It’s time that parents, after the proper guidance when their kids are young, to allow their kids to use their burgeoning capabilities in age-appropriate ways.
“We need to let go of constant hovering, and allow kids have independent experiences,” Skenazy said. “We need to resist the urge for omniscience in our children’s lives.”
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Controversies about “free-range parenting” illuminate today’s scarred cultural landscape. Neighbors summon police in response to parenting choices the neighbors disapprove.
Government extends its incompetence with an ever-broader mission of “child protection.” And these phenomena are related to campus hysteria about protecting infantilized undergraduates from various menaces, including uncongenial ideas.
The Meitivs live in suburban Montgomery County, Maryland, which is a bedroom for many Washington bureaucrats who make their living minding other people’s business.
The Meitivs, to encourage independence and self-reliance, let their 10- and 6-year-old children walk home alone from a park about a mile from their home. For a second time, their children were picked up by police, this time three blocks from home.
After confinement in a squad car for almost three hours, during which the police never called the Meitivs, the children were given to social workers who finally allowed the parents to reclaim their children at about 11 p.m. on a school night.
The Meitivs’ Kafkaesque experiences concluded with them accused of “unsubstantiated” neglect.
Today’s saturating media tug children beyond childhood prematurely, but not to maturity. Children are cosseted by intensive parenting that encourages passivity and dependency, and stunts their abilities to improvise, adapt and weigh risks.
Mark Hemingway, writing at The Federalist, asks: “You know what it’s called when kids make mistakes without adult supervision and have to wrestle with the resulting consequences? Growing up.”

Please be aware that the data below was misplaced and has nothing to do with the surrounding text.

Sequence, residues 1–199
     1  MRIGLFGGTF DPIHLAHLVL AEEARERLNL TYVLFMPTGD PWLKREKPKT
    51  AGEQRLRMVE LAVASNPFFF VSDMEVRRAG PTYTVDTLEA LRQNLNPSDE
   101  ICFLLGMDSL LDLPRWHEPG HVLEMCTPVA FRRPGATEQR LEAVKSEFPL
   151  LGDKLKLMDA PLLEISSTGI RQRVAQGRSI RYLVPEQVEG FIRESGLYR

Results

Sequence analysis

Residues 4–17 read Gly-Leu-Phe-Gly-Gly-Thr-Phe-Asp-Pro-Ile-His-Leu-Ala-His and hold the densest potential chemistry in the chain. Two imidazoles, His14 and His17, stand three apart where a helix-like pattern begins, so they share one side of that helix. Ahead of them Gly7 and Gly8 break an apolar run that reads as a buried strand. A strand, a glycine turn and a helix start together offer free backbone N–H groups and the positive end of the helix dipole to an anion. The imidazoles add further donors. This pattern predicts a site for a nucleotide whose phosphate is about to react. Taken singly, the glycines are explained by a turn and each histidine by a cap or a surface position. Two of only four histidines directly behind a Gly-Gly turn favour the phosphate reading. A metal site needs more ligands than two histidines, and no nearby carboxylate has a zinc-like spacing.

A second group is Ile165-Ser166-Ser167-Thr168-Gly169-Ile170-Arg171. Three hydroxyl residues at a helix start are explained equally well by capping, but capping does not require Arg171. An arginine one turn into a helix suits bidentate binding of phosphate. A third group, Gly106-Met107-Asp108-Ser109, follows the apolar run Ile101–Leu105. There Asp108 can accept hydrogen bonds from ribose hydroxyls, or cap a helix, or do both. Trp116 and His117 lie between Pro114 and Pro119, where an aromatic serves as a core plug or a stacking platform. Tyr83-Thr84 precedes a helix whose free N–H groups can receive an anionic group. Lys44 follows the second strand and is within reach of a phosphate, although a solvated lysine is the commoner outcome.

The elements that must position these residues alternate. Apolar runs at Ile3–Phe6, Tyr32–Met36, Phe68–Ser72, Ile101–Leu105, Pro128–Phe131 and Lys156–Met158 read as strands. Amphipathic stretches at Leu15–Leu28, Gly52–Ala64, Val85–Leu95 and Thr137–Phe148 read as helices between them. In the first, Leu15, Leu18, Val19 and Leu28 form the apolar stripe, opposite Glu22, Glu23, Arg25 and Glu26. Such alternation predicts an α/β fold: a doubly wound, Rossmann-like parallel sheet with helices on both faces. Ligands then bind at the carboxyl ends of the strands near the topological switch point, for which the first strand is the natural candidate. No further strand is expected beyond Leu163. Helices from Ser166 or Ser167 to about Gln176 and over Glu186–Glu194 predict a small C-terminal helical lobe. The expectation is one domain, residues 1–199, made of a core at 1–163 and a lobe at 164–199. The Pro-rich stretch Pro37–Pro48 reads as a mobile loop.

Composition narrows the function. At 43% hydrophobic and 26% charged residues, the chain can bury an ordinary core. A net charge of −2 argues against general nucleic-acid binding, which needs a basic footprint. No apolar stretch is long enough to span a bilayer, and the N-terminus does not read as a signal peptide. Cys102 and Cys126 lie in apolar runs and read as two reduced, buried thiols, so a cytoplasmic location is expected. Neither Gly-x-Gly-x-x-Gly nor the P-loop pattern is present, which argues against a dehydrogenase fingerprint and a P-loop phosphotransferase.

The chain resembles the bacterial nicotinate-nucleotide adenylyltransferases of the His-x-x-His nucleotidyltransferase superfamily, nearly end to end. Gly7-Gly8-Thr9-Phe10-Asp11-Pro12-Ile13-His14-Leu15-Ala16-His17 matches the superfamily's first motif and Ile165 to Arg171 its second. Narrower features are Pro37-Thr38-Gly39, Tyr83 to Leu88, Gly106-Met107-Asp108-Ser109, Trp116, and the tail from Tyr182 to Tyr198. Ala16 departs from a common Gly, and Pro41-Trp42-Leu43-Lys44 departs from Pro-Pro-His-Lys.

Increased knowledge of early childhood development has produced increased belief in a “science” of child rearing. This has increased intolerance of parenting that deviates from norms that are as changeable as most intellectual fads.
“Intensive parenting” is becoming a government-enforced norm. Read “The day I left my son in the car” (Salon.com), Kim Brooks’ essay on her ordeal after leaving her 4-year-old in the car as she darted into a store for about five minutes.
Writing in the Utah Law Review, David Pimentel of Ohio Northern University notes that at a moment when “children have never been safer,” government is abandoning deference to parents’ discretion in child rearing.
In 1925, the Supreme Court affirmed the right of parents “to direct the upbringing and education of children.” Today, however, vague statutes that criminalize child “neglect” or “endangerment” undermine the social legitimacy of parental autonomy.
It is, Pimentel says, problematic for the legal system to enforce cultural expectations when expectations, partly shaped by media hysteria over rare dangers such as child abductions, are in constant flux.
Time was, colleges acted in loco parentis to moderate undergraduates’ comportment, particularly regarding sex and alcohol. Institutions have largely abandoned this, having decided students are mature possessors of moral agency.
But institutions have also decided that although undergraduates can cope with hormones and intoxicants, they must be protected from discomforting speech, which must be regulated by codes and confined to “free speech zones.”
Uncongenial ideas must be foreshadowed by “trigger warnings,” lest students, who never were free-range children and now are as brittle as pretzels, crumble.
Young people shaped by smothering parents come to college not really separated from their “helicopter parents.” Such students come convinced that the world is properly devoted to guaranteeing their serenity, and that their fragility entitles them to protection from distressing thoughts.
As Penn State historian Gary Cross says, adolescence is being redefined to extend well into the 20s.
Writing in The Chronicle of Higher Education, Cross says that “delayed social adulthood” means that “in 2011, almost a fifth of men between 25 and 34 still lived with their parents,” where many play video games: “The average player is 30 years old.”
The percentage of men in their early 40s who have never married “has risen fourfold to 20 percent.”
In the 1950s, Cross says, with Jack Kerouac and Hugh Hefner “the escape from male responsibility became a kind of subculture.”
Today, Oldies radio and concerts by septuagenarian rockers nurture the cult of youth nostalgia among people who, wearing jeans, T-shirts and sneakers all the way, have slouched from adolescence to Social Security without ever reaching maturity.